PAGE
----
Monday, April 18, 2011

Do Marketing Ethics and the FTC Advertising Regulations Matter in the Social Media Age?

P.T. Barnum is credited with the phrase, "There's a sucker born every minute." Social Media provides entrepreneurs so many new opportunities to expand their brand and footprint in many exciting and fun ways. However, social media also provides snake oil salesmen and others whose ethics are questionable the ability to defraud in ways not imagined until a few years ago.

After a recent speaking engagement, a lawyer approached me and said, "I think I have been duped the way Oprah was by James Frey." The lawyer told me he had bought a book on that had an amazing initial editorial review. For the record, the book's official editorial review states, it "is a 'must-read' for all law firms. Indeed, it should be studied avidly, not only by lawyers, but also by any professional service firm that wants to grow its business fast using Web 2.0 techniques. As a successful New York attorney turned social media guru, [name removed] deals with his subject comprehensively and with an easy authority." The author of the social media book that the lawyer bought is self described social media expert Adrian Dayton.

With the above editorial review along with Mr. Dayton's celebrity like Twitter Following to Followers ratio, the lawyer told me he believed that he was buying a book from a real social media expert. The lawyer said that he thought that anyone who had around 50,000 followers but only had to follow several thousand people in return must be an expert in teaching others how to harness the power of Twitter to build their business.

After listening to me discuss Social Media Credential Fraud, the lawyer told me he was angry at himself for blindly believing Mr. Dayton's official biography without doing any further due diligence. He stated that despite following Mr. Dayton's recommendations for the past 9 months, that tweeting will build your book of business, he doesn't have any business development progress to show for his efforts. I told the lawyer that since I have been tweeting from @bradleyshear on June 15, 2009, I have not had a single legal client contact me and say, "I love your Tweets, you're hired!" I have tweeted more than 2,000 times from @bradleyshear.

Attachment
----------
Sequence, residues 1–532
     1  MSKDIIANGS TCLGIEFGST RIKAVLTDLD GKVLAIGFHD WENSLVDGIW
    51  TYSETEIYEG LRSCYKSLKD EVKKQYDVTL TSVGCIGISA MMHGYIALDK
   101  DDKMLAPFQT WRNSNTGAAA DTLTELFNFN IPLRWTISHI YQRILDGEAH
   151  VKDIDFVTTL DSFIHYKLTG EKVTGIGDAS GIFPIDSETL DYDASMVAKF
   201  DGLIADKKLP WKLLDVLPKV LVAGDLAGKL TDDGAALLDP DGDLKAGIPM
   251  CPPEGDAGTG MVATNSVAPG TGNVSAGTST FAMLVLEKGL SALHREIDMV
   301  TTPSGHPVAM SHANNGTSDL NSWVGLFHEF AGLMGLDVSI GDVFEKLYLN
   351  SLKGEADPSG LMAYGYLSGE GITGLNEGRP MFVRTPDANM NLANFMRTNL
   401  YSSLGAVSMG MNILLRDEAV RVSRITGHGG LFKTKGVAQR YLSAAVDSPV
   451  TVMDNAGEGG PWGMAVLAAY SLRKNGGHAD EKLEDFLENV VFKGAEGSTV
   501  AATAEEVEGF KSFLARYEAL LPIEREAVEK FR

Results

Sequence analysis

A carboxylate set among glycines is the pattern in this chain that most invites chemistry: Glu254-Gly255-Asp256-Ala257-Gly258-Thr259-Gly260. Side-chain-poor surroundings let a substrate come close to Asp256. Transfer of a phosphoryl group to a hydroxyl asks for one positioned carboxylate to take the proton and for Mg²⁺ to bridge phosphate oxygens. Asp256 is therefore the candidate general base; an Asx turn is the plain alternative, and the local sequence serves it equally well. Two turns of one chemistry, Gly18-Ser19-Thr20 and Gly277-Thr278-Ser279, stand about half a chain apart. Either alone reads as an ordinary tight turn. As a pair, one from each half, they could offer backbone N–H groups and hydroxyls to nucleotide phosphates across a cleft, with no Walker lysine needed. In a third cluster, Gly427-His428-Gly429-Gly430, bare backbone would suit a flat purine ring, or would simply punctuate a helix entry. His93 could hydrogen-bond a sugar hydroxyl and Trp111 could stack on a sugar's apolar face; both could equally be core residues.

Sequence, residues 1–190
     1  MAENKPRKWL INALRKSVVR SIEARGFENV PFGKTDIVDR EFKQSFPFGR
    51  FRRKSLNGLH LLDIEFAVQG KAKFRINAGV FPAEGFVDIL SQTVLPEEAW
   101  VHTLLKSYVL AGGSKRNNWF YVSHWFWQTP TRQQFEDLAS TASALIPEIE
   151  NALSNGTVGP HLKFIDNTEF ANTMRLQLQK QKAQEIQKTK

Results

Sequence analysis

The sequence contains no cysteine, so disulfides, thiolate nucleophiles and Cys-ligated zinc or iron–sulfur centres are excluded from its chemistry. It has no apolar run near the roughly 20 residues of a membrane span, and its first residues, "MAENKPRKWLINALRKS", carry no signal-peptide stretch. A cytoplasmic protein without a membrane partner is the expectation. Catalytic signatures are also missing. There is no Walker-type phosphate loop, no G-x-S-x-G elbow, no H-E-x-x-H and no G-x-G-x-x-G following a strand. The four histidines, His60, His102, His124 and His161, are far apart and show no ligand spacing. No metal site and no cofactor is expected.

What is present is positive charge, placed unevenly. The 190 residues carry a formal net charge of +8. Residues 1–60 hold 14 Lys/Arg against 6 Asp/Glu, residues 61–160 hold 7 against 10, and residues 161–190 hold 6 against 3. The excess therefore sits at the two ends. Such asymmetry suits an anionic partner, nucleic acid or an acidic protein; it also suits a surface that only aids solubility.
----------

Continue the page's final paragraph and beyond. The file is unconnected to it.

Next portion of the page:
Attorney Brian Tannebaum's blog posts about Mr. Dayton on November 9, 2009, November 26, 2009, December 3, 2009, June 16, 2010, and February 9, 2011 reveal that Mr. Dayton may be embellishing his credentials and may have a problem with truth in advertising (i.e.Rule 7.1 of New York's Rules of Professional Conduct and the the FTC's Advertising Regulations). Last year, Mr. Dayton un-followed at least 47,000 people on Twitter. As of this writing, Mr. Dayton is following 7,533 people and has 41,026 followers.

If you didn't know that Mr. Dayton has already un-followed at least 47,000 people on Twitter, you may have the impression that he has an organically created rock star like Twitter Following to Followers ratio. However, the numbers don't lie. Mr. Dayton has followed at least 14,000 more people than are following him back. Having to follow at least 54,533 people in order to receive only 41,026 followers in return is not very "expert like." Mr. Dayton's Twitter activity demonstrates that he is a social media expert at one thing: following tens of thousands of people on Twitter and un-following tens of thousands of people on Twitter. That is it.

I challenge Mr. Dayton to dispute Mr. Tannebaum's and my allegations. I take great pride in being a lawyer and like thousands of other lawyers I made many sacrifices to become a lawyer. I find it offensive when a non-practicing attorney such as Mr. Dayton continues to mislead the public without any repercussions. Since first writing and speaking about Mr. Dayton's activity without naming him, I have not had a single lawyer state that Mr. Dayton's conduct is ethical or legal.

In previous blog posts, I initially did not name Mr. Dayton to provide him the opportunity to take corrective action (he started following me again on Twitter recently so I am sure he has read my April 1, 2011 and April 8, 2011 blog posts about Social Media Credential Fraud). Unfortunately, Mr. Dayton has not yet taken corrective action.

Caveat emptor when hiring "experts". Don't be a sucker. At least perform a Google search to learn more about an "expert's" credentials. Just because someone calls himself/herself an expert and has a social media profile that appears "expert like" does not make it so. As Malcolm Gladwell states, it takes at least 10,000 hours to master a craft.

To learn how to avoid violating the FTC Advertising Regulations you may contact me at

Copyright 2011 by the Law Office of Bradley S. Shear, LLC. All rights reserved.